Desert Isle Keeper
Venetia (#48 on our Top 100 Romances List)
An AAR Top 100 Romance
originally published on December 03, 2006
When you’re longing to read a book with memorable characters and dialogue that can be light without insulting the reader’s intelligence, Venetia is the perfect read. Of Heyer’s Regencies, this is definitely one of my favorites. Though the tale of the rake falling for the sweet, innocent virgin is no new innovation, this version is one of the best.
Venetia is the daughter of a recluse who has essentially kept her locked away in a small country town. Living in a home where guests were not welcome and denied any opportunity to go to London for the Season, she has been quietly aging her way onto the shelf with few desirable prospects in sight. While she recognizes that marriage is the only way to avoid the unpleasant fate of becoming a hanger-on in her brother’s home, Venetia’s only prospects are a solid (and extremely dull) country gentleman and a smitten young man several years her junior who seems to worship Byron and who casts himself as a romantic in the most ridiculous sense. Though innocent of the world, Venetia is intelligent enough to realize that she must pick a suitor if she is to have a household of her own.
As Venetia resigns herself to her fate, something quite out of the ordinary happens when her scandalous neighbor, Lord Damerel, takes up residence on his estate. Though Venetia has not met Damerel, whispered stories of his debauchery have traveled all around the neighborhood and Venetia is cautioned to avoid all contact with the man. However, she encounters him one day while out on a walk and discovers that while he may be a rake, he is not at all the cold-hearted seducer of local rumor.
To her surprise, Venetia discovers that her neighbor is an intelligent man with a sense of humor. Though she knows the neighbors would be scandalized, she finds that she rather enjoys his company. Venetia and Damerel for the most part conduct themselves as one would expect people of their time to behave. They are often chaperoned and, rakish though he may be, Damerel still treats the innocent Venetia with respect. This is a romance of the mind rather than a steamy, explicit romp.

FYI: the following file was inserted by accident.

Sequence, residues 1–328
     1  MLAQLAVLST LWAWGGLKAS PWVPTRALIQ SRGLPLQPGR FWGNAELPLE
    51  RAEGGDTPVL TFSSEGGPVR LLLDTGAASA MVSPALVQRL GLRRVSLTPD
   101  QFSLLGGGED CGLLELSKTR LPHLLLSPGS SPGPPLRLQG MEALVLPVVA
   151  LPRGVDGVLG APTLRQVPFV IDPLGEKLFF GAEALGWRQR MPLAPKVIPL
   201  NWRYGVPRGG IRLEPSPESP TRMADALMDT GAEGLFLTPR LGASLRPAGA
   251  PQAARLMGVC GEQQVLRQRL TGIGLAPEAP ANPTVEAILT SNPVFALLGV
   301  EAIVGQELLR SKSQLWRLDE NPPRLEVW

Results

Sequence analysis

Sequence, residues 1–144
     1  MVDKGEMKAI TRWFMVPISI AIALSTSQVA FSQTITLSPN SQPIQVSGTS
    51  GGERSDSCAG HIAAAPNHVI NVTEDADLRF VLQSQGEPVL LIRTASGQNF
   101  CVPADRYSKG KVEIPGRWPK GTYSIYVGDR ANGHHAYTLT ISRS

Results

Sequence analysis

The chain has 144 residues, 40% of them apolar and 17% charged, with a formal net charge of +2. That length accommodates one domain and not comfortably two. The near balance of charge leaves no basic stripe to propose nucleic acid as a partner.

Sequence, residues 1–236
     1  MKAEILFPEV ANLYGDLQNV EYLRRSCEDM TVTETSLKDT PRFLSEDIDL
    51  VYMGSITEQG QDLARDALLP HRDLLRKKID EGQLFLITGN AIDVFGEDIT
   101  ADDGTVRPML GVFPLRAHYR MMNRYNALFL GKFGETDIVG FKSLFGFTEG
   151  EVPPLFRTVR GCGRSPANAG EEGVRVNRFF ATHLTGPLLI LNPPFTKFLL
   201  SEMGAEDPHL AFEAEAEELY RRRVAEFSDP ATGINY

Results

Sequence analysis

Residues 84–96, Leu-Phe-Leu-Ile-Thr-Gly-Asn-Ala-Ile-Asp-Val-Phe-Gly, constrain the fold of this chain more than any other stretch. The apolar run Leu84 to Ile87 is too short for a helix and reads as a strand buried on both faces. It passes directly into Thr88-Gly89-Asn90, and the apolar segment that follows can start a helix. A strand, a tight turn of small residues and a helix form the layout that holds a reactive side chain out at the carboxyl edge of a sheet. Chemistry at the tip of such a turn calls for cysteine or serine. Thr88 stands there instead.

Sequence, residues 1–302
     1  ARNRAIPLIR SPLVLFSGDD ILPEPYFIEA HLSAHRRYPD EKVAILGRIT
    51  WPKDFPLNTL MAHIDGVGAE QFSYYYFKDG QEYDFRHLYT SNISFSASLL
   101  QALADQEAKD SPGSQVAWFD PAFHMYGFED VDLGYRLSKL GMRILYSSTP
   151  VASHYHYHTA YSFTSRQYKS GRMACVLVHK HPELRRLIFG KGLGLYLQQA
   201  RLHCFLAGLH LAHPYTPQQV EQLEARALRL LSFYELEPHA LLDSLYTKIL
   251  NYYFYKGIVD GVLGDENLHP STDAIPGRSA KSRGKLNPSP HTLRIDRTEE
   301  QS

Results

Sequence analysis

Even though this book has a sensuality rating of “kisses”, it manages to demonstrate that a couple can have loads of chemistry even if the bedroom door remains firmly closed. Venetia and Damerel’s dialogue is witty and the connection established between them makes their romance sexier in some ways than the most graphic, hot novel. Venetia is obviously bright and Damerel’s reaction to that is something more complicated than mere lust at first sight. The friendship, love, and blatant attraction between this pair instead combines to create tension so deliciously real that it will remain in the reader’s memory long after the book is finished.
Venetia and Damerel’s stations in life present real obstacles to their love and Heyer does a wonderful job of showing how they deal with the problem. She skillfully (and sometimes very humorously) uses her secondary characters to show just how Society would react to a match between an innocent young lady of good reputation and a genuine rake. While Venetia recognizes in Damerel a “well-informed mind, and a great deal of kindness”, the unfortunate truth is that to many his personality is less important than his reputation. And therein lies the problem.
I enjoy Georgette Heyer’s books in general, but I cannot recall a time when I flew through a novel as quickly as I did this one. Those who enjoy Trad Regencies will likely enjoy this one and for those who have never tried Heyer’s books before, this is an excellent place to start. The romance is a sweet one, and the story in general is a true delight.